Photography of the shroud by Secondo Pia in 1898 indicated that the image resembled a photographic 'negative' and represents the first modern study.
Subsequently the shroud was made available for scientific examination, first in 19 by a committee appointed by Cardinal Michele Pellegrino .
The results provide conclusive evidence that the linen of the Shroud of Turin is mediaeval.
The Shroud of Turin , which many people believe was used to wrap Christ's body, bears detailed front and back images of a man who appears to have suffered whipping and crucifixion.
The Vatican, tiptoeing carefully, has never claimed that the 14-foot linen cloth was, as some believers claim, used to cover Christ after he was taken from the cross 2,000 years ago.
Despite numerous investigations and tests, the status of the Shroud of Turin remains murky, and the nature of the image and how it was fixed on the cloth remain puzzling.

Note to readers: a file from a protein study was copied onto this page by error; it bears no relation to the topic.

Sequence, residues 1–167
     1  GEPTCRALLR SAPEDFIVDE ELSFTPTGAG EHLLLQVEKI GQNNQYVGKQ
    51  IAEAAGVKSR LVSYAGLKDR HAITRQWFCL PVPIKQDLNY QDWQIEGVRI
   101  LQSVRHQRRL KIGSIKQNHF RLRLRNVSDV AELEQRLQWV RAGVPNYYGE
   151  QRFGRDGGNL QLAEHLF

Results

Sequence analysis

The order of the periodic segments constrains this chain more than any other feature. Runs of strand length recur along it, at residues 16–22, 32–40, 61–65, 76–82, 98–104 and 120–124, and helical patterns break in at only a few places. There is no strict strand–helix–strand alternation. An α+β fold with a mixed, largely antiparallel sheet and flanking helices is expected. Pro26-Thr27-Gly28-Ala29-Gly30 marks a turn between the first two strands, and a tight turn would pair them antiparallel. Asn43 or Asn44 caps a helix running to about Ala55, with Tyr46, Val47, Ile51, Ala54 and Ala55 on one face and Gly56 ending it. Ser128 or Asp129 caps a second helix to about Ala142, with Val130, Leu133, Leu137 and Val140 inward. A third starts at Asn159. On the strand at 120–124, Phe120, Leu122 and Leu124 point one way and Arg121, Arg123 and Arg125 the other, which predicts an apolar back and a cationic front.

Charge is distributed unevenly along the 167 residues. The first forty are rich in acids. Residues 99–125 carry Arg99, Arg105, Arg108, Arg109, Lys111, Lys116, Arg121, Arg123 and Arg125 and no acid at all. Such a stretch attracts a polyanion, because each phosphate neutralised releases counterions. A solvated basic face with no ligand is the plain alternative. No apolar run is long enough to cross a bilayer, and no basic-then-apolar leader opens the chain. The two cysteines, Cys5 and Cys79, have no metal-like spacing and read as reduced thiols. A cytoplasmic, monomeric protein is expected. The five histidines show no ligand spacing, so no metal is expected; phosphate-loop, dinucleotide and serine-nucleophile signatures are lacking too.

1 - Department of Geosciences, 2 - Department of Physics, University of Arizona, Tucson, Arizona 85721, USA 3 - Research Laboratory for Archaeology and History of Art, University of Oxford, Oxford, OX1 3QJ, UK 4 - Institut für Mittelenergiephysik, ETH-Hönggerberg, CH-8093 Zürich, Switzerland 5 - Lamont-Doherty Geological Observatory, Columbia University, Palisades, New York 10964, USA 6 - Research Laboratory, British Museum, London WC1B 3DG, UK Very small samples from the Shroud of Turin have been dated by accelerator mass spectrometry in laboratories at Arizona, Oxford and Zurich.
As Controls, three samples whose ages had been determined independently were also dated.
Slide Show: The Shroud of Turin Through History The Shroud of Turin, the controversial piece of linen that some believe to be the burial cloth of Jesus Christ, could finally be dated accurately.
A new method "stands to revolutionize radiocarbon dating," according to research presented on Tuesday at the National Meeting of the American Chemical Society (ACS) in San Francisco.